Go South-of-the-Border With Our 3 Day Mexico City Honeymoon Itinerary

Who says you need to be beach bum on your Mexico honeymoon?

Mexico City's historic center is a huge tourist draw.

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If you're a couple whose idea of romance isn't necessarily tied to a beach, Mexico City is a thrilling destination worth at least a few days. You can even tack it onto a coastal getaway. Art and history buffs, adventurous foodies, and lovers of late nights will have a ball in the always-exciting 7,000-foot-high city. Carefully plan your days, since it's spread out — Condesa, Roma, and Polanco are key neighborhoods — and try to walk as much as possible since many of the city's best outings revolve around eating and drinking.

Hotel Carlota Mexico City
Photo By Camila Cossio

Day One

Afternoon: Glimpse Mexico City's colorful character and LA-style congestion (and smog) en route from the airport to your accommodations: Hotel Carlota for a hip, modern boutique-style stay in the up-and-coming Colonia Juárez area, or the St. Regis Mexico City for a supremely plush room with city and mountain views, where your own butler will make sure it's a pure luxury all the way. Head to the gourmet public food hall Mercado Roma (Mexico's answer to Eataly) in the nearby gallery- and the shop-centric district of Roma for a grazing lunch of tacos, burgers and even macarons.

Evening: Indulge in a glass of Krug Champagne before dinner at the sleek, contemporary J&G Grill (named for top chef Jean-Georges Vongerichten), where it should be required that guests order the chef's impeccable, falling-apart nine-hour braised short rib with potato mousseline and sorrel. After dinner, it's time for mezcal, which far overshadows Corona and tequila as the drink of choice for locals. Limosneros has a selection of the best artisanal varieties to sip out of thin, carved cups. If you need something to soak up the booze, try a late-night stop at El Califa for their highly addictive tacos al pastor.

Day Two

Morning: Before heading out for a day of culture and history, fuel up with a vanilla bean cream-filled donut, almond croissant or Ocho pastry — or all three — at Panadéria Rosetta, known as the best bakery in the city.

Afternoon: It's off to the Zócalo, where you can indulge in photo ops of performers dressed in indigenous costume before learning all about the Aztecs and their great, ancient temple and pyramid at the Museo del Templo Mayor. A 15 minute walk away, the Palacio de Bellas Artes is worth seeing for both its eclectic blend of neoclassical and art nouveau architecture with art deco interiors and significant collection of Diego Rivera murals.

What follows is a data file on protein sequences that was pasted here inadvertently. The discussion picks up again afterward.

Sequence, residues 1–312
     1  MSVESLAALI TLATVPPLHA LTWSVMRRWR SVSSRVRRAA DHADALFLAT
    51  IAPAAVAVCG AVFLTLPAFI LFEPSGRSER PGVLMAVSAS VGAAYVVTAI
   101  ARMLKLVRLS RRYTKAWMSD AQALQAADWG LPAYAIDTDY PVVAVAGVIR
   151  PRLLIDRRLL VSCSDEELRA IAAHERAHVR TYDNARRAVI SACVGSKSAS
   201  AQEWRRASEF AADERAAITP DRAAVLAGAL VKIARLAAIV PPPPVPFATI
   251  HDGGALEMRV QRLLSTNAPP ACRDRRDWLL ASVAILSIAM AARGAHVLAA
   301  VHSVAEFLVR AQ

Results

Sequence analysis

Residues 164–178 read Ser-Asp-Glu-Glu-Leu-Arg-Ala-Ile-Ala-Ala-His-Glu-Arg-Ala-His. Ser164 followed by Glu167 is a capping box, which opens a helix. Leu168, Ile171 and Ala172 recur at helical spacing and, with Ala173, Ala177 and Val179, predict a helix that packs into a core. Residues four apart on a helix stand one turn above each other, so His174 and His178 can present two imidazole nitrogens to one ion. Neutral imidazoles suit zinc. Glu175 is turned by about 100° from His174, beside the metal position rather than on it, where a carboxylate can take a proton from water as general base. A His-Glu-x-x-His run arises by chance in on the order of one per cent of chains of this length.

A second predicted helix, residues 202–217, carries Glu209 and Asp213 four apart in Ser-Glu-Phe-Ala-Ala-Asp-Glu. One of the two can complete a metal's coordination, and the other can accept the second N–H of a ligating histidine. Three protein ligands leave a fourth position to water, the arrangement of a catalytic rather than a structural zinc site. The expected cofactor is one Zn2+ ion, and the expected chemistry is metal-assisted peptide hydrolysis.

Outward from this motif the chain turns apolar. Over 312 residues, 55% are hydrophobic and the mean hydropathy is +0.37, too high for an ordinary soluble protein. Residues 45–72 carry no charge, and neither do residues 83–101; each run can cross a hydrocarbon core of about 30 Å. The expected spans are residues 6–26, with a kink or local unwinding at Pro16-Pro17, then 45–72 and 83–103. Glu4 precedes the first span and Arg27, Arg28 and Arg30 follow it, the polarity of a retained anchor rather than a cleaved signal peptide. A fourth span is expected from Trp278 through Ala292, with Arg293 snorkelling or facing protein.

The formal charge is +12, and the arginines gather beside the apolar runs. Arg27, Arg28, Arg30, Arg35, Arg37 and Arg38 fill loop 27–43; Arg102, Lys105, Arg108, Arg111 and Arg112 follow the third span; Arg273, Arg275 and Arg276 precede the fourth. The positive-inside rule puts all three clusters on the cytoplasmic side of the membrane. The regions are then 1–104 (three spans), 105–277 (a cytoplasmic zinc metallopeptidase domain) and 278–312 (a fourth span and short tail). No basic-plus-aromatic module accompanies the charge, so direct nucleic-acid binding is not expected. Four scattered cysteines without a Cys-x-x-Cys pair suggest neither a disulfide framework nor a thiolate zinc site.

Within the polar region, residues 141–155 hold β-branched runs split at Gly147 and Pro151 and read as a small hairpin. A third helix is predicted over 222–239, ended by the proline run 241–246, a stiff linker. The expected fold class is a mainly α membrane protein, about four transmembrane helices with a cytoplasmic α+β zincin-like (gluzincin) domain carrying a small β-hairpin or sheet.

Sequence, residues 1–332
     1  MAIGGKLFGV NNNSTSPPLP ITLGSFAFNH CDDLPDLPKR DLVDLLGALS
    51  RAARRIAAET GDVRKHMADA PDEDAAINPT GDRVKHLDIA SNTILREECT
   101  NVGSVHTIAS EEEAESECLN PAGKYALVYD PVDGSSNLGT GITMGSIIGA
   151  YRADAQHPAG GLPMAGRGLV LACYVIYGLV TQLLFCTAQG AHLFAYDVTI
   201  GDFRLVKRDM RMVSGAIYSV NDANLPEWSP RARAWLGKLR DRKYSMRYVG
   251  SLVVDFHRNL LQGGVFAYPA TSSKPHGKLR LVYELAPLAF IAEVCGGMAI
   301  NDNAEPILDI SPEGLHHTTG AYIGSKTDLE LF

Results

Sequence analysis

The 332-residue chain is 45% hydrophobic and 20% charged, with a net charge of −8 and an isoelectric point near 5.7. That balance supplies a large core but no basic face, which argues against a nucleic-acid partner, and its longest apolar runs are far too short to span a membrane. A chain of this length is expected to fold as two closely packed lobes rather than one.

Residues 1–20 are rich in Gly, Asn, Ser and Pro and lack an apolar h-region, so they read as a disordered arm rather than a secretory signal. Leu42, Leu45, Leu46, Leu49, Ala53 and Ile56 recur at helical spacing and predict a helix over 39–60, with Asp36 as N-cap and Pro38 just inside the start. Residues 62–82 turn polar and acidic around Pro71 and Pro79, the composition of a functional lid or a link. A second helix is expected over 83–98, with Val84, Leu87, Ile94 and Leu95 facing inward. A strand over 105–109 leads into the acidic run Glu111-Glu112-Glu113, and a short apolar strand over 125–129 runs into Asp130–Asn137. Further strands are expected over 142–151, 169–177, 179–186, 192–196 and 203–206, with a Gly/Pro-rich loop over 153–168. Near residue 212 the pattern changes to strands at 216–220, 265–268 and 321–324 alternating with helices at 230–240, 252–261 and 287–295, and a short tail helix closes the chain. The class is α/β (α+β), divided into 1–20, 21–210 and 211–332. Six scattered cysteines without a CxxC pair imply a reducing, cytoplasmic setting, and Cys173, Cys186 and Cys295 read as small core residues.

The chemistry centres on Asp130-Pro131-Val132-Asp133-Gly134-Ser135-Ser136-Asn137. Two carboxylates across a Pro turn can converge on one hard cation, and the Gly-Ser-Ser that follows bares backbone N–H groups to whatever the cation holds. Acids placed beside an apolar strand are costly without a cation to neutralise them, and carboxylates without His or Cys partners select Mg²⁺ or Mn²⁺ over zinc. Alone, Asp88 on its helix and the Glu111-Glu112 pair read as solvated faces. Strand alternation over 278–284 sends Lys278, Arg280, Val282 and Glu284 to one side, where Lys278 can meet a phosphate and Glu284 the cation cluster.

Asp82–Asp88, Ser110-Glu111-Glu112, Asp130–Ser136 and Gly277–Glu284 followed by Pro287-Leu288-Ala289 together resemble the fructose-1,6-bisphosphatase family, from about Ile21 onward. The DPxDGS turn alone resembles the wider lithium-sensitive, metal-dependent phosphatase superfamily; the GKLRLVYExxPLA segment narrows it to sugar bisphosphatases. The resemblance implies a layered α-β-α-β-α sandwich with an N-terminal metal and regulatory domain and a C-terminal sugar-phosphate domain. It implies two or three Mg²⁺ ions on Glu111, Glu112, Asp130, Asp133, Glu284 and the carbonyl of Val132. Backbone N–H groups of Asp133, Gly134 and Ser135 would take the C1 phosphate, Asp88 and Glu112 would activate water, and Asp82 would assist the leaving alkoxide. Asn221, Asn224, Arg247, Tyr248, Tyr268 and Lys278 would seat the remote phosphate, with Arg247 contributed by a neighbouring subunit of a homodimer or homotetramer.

Visit El Mayor on the roof of Libreria Porrua for a coffee or a bite with dynamic views of the downtown area and ruins, or try lunch at Fonda Mayora, a hot spot for authentic homestyle Mexican cuisines such as mole and sopes. Order the guacamole, which is made table-side in a giant molcajete and comes with fresh, hot tortillas. Afterward, walk through halls of artifacts at the National Museum of Anthropology, view art at one of the couple museums or stroll the botanical gardens or zoo in the peaceful, forested Chapultepec Park.

Evening: In a city full of exceptional restaurants, the pink-hued Dulce Patria offers one of the most unique experiences. Start with margaritas — the rims are festooned with tiny edible flower petals. Specials could include "quail with water and chocolate in honor of love," and you can't go wrong with any of their flavorful moles. Save room for dessert, the plating of which promises to wow and will probably feature edible glitter. For an after-dinner drink, try Gin Gin around the corner, with its coolly minimalist, succulent-heavy ambiance, DJ and a lengthy list of cocktails featuring the other "It" spirit.

Day Three

Morning: Mexico City is notoriously late to rise on weekend mornings. The day after a night of drinking oftentimes starts with a bowl of pozole, a thick soup made of pork and hominy from Aztec times — look for the verde version. Try to get to Frida Kahlo and Diego Rivera's famous cobalt-hued La Casa Azul early, as there's usually a line. The museum created in the famously eclectic painter's home, complete with personal effects and wardrobe, is fascinating to peruse.

Afternoon: Make it a totally blue day, with a relaxing meal on Azul Histórico's magical shady patio, surrounded by boutiques, or stay closer to the Kahlo house and check out blocks and blocks of markets, crafts, street food and an array of global cuisine at the bustling and mouthwatering Mercado del Carmen.

Evening: Wrap up your cosmopolitan adventures with a slow, muscle-melting Swedish Treatment at the Remède Spa or, if you have any room left, a bite at one of the city's most iconic restaurants, Pujol. You might try a dish incorporating insects and, believe it or not, love it.

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